Bush, who trailed badly in the summer and spent months shedding the image of a ''wimp,'' accomplished his broad-based victory by stressing the conservative Reagan legacy and relentlessly attacking Dukakis as too liberal for mainstream America.

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The president-elect -- who has served in a variety of appointed posts and last won an election by himself 20 years ago when he captured a House seat from Texas, and was whipped by Reagan in 1980 for the GOP nomination -- now faces the challenge of proving that he can govern as surely and effectively as he campaigned this time.

Bush, who sold himself as the man with strong foreign policy credentials who would continue the philosophical legacy of Reagan, easily swept the Deep South, then turned his election night steam roller north, moving through Appalachians, picking off some crucial Rust Belt states, and sweeping through the Sun Belt toward the West Coast.

Like Reagan before him, Bush made a mockery of the once-solid Democratic bastion of the South, an electoral base that began to crack 40 years ago and, for Dukakis, became the same bitter disappointment that Reagan had made it for Walter Mondale and Jimmy Carter.

The voters' decision suggested a reluctance to chance the nation's foreign affairs to an untested politician from New England. But, at the same time, their votes for Congress indicated they were happy with how domestic affairs are being handled -- a relatively easy choice with unemployment and inflation low and the economy growing steadily, if modestly.

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Dukakis, who claimed an upset win was possible in the final days of his ''marathon'' run, apparently was narrowing the gap, but ran out of time.

Television exit polling data indicated that of the voters who made their decision late, most went to Dukakis. But the figures also showed Dukakis had failed to make substantial inroads among women voters -- the so-called ''gender gap'' once touted as an Achilles' heel for Bush -- blue collar workers and union members -- groups he had hoped would go heavily for him.

Although he was favored to win for the last several weeks, Bush's victory was much larger than had been thought possible merely three months ago, when Dukakis held a double-digit lead in public opinion polls. But Bush then mounted an aggressive strategy that concentrated on hihglighting Dukakis's ''negatives'' and relentlessly painted the Democrat as an out-of-touch ''liberal.''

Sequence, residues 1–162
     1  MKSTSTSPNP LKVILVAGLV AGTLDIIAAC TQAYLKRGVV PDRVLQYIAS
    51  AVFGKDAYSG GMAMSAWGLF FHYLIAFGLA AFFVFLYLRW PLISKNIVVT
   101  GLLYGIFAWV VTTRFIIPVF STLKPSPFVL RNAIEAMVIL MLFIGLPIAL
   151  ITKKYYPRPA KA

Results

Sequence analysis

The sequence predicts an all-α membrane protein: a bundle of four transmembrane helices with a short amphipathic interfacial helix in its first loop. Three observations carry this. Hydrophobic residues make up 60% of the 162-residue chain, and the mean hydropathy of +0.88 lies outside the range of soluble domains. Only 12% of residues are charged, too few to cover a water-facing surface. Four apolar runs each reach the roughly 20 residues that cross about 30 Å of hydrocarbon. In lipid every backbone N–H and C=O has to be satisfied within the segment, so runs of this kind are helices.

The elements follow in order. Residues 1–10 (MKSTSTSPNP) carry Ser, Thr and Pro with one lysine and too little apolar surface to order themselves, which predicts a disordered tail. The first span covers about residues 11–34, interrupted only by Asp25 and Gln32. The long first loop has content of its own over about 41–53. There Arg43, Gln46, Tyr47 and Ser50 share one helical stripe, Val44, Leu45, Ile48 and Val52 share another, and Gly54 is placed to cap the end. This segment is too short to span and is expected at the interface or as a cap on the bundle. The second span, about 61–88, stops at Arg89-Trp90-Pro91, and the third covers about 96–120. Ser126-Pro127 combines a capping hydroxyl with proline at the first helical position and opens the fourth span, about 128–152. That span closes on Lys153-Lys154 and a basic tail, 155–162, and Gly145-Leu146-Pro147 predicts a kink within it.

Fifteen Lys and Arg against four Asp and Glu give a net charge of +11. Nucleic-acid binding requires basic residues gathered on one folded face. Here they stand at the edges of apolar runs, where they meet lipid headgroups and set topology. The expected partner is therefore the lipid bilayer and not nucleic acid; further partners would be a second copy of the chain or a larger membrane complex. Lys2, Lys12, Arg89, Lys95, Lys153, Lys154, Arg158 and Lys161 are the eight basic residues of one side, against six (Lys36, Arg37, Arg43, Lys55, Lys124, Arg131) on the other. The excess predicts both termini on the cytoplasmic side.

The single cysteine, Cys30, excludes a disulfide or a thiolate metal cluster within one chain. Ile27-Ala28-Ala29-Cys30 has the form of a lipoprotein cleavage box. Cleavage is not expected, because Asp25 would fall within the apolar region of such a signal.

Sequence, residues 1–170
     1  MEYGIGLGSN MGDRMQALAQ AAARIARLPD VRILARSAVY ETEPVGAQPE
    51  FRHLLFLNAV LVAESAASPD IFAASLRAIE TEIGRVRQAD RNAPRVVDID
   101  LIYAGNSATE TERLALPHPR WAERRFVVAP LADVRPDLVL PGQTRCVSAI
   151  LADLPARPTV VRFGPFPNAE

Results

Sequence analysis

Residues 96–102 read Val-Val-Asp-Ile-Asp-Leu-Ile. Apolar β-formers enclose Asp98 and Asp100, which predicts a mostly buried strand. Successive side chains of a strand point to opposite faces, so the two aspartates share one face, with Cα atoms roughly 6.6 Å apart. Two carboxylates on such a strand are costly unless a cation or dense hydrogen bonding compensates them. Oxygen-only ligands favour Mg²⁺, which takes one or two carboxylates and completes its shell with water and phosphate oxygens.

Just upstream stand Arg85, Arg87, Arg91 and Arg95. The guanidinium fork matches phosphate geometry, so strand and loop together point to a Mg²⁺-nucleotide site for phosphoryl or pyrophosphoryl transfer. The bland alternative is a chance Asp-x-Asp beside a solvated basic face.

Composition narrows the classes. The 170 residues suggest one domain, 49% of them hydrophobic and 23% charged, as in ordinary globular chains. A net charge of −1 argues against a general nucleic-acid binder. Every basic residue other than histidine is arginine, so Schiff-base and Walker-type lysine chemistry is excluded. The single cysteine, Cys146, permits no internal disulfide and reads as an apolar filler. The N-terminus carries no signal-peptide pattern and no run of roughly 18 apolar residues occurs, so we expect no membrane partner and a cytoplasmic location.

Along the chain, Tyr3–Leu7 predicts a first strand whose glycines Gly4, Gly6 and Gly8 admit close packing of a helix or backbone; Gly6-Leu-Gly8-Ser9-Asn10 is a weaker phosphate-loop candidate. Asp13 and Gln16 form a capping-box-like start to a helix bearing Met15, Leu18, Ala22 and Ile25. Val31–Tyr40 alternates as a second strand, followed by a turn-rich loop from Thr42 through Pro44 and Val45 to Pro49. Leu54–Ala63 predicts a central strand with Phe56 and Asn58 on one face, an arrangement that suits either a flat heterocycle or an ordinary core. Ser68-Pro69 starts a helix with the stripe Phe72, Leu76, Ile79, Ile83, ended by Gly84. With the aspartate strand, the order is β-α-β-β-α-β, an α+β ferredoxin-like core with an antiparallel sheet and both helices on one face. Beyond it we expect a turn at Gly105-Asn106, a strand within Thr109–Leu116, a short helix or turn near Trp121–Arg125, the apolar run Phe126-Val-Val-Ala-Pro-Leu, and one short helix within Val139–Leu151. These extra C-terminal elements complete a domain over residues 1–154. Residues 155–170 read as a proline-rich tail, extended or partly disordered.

Dukakis was late to respond to many of the GOP's campaign charges, but he painted Bush as a candidate of the wealthy and charged that the vice president would not bring enough sound ethics to the White House.

Both candidates won their parties' nominations after hard-fought campaigns that began in the snows of Iowa and New Hampshire just after the new year began.

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Bush, despite a poor third-place finish in Iowa, had the easier time of the two. After rescuing his campaign with a come-from-behind win in the New Hampshire primary, the vice president swept through the multi-state Super Tuesday Southern primaries and had the GOP nomination locked up in April.

Dukakis had a much tougher battle, having to eliminate seven opponents along the way and not finally securing the Democratic nomination for himself until the final night of the primary season in June.

Going into the general election campaign, Dukakis appeared to have the strong edge, but that changed dramatically at the Republican National Convention in New Orleans in August.

Even though he was heavily criticized for choosing Quayle as his running mate and even as the Indiana senator's experiences and qualifications came under what would seem to be ceaseless attack, Bush came out of the convention appearing to have stepped from under Reagan's shadow.

A stirring convention speech and a newfound aggressiveness showed Americans a Bush they had not seen before and began to erase questions about whether he was strong enough to be president.

As he pounded Dukakis on issues ranging from support of the Pledge of Allegiance to the Massachusetts prison furlough program and the death penalty, the governor failed to effectively respond and watched his lead in the polls evaporate.

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Instead, Dukakis jumped from strategy to strategy and for months could not seem to kill the appearance that he was an arrogant and unemotional technocrat. Only in the closing weeks of the campaign did he hit upon the populist theme that appeared, for the first time, to give his campaign new life.

The Bush camp also out-maneuvered Dukakis's strategists on other fronts. Although the Democrat, who is proud of his debating skills, wanted several face-to-face confrontations between the candidates, Bush insisted on having only two.

Ironically, it was the second presidential debate in Los Angeles on Oct. 13 that hurt Dukakis badly.

Even though he turned in a relatively solid performance, Bush was better. And, his failure to show any emotion when asked whether he would continue to support capital punishment if his wife were raped and murdered added to the image of him being without feelings -- a real blow to a man who portrayed himself as a Harry Truman-like the champion of the common man.